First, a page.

Surgeon helps patients avoid total knee replacement

PALM BEACH COUNTY, Fla. -- 35-year-old Charlie Barker never thought time spent playing football and basketball two decades ago would come back to haunt him. 

“When you're younger you can play every day and not think twice about it, but as I was getting older, I would get a little more swelling,” he says

The pain in his knee got worse. In fact, one day a doctor's visit would shed light on a terrifying truth.

“The damage of the cartilage made them think I had been in some kind of major car accident,” he recalled.

There was no hope except knee replacement surgery later in life. That is until he met Dr. Tom Minas at the Paley Orthopedic and Spine Institute at St. Mary's Medical Center.

“What we do is we fix the damage and get people on with their life,” says Dr. Minas.

Dr. Minas isn't your typical knee surgeon. He's uses an advanced technique used by only a few doctors around the world.  “I've performed over 1,000 in the last 23 years,” says Minas.

He brought the technique over from Sweden in 1995 and recently began yet another case giving WPTV an exclusive access into the operating room.

“Now I'm gonna fix two potholes,” he says. Those potholes are areas of damaged cartilage in the knee.

Months ago he extracted good cartilage the size of a Tic Tac from the patient in surgery. It was sent to a lab in Boston where it was grown and multiplied. He's implanting that same cartilage back into the patient's knee where it will continue to grow. “He'll be walking on this in about 3 to 4 months that will be completely filled in.”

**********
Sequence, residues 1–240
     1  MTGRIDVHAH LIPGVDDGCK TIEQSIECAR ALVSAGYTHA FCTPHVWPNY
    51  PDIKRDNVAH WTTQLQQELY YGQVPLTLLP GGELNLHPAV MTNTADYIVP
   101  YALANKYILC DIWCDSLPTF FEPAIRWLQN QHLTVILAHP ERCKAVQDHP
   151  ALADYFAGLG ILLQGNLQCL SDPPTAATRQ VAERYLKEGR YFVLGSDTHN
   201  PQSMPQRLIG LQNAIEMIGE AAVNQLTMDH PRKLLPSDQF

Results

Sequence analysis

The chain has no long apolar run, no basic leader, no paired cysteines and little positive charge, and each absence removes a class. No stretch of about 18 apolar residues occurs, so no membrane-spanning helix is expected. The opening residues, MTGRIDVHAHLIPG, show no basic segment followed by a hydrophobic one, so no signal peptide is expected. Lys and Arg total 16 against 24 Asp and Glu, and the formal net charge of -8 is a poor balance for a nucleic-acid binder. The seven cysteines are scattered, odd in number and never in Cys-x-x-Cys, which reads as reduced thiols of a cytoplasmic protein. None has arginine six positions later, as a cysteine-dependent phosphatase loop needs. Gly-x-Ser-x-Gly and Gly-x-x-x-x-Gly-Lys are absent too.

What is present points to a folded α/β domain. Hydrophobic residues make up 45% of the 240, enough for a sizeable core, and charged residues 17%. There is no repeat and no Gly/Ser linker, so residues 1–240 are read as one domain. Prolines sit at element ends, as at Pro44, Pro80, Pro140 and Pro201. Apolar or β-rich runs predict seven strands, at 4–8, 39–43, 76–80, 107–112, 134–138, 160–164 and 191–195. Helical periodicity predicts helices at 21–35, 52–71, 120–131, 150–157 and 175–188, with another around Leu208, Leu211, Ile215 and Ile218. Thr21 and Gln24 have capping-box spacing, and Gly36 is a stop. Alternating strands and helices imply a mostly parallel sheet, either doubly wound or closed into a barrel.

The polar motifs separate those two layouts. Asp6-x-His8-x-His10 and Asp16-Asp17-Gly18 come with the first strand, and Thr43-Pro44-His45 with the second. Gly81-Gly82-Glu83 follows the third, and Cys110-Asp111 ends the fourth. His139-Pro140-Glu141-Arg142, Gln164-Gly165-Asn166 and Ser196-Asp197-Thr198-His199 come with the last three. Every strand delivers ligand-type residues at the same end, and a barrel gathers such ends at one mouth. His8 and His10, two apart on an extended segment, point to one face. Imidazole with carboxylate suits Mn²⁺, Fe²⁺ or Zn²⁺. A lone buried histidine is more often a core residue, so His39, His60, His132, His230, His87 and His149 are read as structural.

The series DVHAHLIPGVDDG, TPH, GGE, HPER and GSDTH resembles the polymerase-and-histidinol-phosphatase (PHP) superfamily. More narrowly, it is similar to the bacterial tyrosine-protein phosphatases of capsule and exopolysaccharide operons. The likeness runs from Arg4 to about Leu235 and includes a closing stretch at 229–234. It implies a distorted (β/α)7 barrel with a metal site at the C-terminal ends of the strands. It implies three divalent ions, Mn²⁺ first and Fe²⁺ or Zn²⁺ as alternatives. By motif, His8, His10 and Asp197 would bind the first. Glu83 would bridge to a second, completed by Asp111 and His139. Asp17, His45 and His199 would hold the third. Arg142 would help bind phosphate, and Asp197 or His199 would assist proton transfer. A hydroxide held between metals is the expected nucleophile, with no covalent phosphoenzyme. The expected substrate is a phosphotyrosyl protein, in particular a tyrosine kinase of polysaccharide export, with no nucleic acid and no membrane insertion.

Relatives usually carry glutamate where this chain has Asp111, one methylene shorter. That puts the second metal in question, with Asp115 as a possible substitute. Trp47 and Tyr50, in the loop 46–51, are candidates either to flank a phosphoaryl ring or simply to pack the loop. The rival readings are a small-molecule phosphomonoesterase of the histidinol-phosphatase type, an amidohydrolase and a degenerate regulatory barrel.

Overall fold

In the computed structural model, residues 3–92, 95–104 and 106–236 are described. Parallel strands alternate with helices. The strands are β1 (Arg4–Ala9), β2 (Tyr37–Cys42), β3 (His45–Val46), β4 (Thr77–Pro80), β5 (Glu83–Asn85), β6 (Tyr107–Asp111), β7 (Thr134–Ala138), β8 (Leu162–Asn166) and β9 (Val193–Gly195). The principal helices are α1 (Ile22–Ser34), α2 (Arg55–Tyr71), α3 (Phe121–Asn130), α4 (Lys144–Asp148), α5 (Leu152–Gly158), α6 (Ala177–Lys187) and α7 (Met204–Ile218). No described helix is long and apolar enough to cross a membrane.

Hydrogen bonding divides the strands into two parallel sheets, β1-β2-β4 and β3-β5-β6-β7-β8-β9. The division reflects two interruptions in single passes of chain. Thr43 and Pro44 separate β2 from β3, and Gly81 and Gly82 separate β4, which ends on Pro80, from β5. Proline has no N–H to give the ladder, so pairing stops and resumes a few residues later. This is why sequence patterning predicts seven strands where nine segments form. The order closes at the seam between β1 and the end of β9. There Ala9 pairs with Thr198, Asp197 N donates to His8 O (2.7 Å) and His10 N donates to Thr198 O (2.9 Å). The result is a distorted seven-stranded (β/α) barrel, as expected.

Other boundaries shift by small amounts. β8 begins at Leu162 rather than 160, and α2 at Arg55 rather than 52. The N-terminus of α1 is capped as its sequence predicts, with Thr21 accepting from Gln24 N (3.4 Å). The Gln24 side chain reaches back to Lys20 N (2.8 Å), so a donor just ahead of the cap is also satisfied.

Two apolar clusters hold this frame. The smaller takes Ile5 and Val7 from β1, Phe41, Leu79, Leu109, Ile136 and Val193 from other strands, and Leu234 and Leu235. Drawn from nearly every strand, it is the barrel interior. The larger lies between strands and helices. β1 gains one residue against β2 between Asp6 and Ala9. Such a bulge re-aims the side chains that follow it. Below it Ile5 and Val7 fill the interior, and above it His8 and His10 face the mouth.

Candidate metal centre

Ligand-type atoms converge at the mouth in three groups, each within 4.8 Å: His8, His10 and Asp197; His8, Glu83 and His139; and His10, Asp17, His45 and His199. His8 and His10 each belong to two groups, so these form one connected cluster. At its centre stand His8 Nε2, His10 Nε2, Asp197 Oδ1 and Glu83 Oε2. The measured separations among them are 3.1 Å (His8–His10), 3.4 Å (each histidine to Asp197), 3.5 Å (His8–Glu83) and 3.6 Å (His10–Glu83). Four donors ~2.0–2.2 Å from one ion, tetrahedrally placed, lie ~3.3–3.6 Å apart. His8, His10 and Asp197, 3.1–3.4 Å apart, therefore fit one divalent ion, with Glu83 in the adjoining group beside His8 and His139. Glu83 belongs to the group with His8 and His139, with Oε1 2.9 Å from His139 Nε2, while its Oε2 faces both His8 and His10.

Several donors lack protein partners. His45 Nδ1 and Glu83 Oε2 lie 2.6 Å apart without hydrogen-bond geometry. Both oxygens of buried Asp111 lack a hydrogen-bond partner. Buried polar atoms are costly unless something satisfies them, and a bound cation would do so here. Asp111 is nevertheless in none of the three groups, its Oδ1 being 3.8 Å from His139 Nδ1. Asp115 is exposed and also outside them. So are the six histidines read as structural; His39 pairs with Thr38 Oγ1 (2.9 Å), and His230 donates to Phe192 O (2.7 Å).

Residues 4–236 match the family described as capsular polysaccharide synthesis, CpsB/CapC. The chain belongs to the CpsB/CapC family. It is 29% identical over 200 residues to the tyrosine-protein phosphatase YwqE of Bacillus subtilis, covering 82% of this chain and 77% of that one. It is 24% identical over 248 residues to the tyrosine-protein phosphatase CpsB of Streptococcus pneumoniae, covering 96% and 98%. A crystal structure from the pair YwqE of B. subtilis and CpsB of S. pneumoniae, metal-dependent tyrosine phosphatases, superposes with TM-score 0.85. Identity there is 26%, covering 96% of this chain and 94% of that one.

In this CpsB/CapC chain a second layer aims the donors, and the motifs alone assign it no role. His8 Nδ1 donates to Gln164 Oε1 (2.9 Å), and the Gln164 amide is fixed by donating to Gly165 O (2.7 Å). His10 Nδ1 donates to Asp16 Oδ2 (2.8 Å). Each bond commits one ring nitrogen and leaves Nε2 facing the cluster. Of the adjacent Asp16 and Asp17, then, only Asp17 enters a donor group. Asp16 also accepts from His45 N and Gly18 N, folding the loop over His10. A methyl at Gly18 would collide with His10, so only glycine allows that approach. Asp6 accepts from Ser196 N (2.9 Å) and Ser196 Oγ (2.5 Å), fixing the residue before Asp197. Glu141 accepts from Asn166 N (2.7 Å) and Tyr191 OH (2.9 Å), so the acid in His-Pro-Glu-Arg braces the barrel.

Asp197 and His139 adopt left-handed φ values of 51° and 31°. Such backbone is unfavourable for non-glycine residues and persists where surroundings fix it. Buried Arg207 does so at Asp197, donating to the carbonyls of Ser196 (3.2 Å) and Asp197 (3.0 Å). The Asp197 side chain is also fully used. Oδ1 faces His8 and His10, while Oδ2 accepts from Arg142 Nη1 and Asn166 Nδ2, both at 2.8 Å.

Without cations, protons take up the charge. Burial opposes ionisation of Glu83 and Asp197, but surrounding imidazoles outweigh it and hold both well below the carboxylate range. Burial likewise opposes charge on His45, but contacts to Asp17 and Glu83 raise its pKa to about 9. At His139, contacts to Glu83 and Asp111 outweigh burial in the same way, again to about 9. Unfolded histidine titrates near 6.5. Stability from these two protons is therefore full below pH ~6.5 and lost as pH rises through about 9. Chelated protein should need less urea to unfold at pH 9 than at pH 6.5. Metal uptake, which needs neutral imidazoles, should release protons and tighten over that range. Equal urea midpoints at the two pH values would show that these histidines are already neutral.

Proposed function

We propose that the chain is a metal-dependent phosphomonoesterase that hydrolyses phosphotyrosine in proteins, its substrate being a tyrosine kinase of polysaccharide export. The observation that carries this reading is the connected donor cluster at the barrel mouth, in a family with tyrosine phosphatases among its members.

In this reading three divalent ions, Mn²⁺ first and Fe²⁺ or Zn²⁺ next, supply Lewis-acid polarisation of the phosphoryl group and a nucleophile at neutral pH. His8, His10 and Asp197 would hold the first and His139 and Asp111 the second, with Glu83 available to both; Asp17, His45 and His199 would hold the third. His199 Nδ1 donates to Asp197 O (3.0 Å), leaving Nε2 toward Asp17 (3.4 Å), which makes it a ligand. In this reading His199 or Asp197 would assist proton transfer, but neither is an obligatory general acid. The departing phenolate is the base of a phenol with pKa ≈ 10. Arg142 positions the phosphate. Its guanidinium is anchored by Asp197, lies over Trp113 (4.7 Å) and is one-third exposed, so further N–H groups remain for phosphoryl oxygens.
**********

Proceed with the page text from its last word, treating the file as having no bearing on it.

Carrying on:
Not only does he help fill the hole but he fixes the problem that caused it. In this case, he's drilling and cutting into the bone to realign the entire knee.

“Your legacy is the people you teach for the next generation right, so my goal is to really to get guys to just start doing this, believe in it and do it cause it can offer such tremendous improvement and quality of life,” says Dr. Minas.

Just ask Barker, a father of two who bears the scar but no longer the burden. “Just knowing I'll be able to play, run after my daughter, help play with my son if he's growing, it makes me feel very confident I won't need knee replacement anytime soon,” says Barker.

The typical patient Dr. Minas sees is the weekend warrior, generally, 35 to 40-years-old, male or female, a high school or college athlete who may have had an injury and or may have had their knee scoped before.

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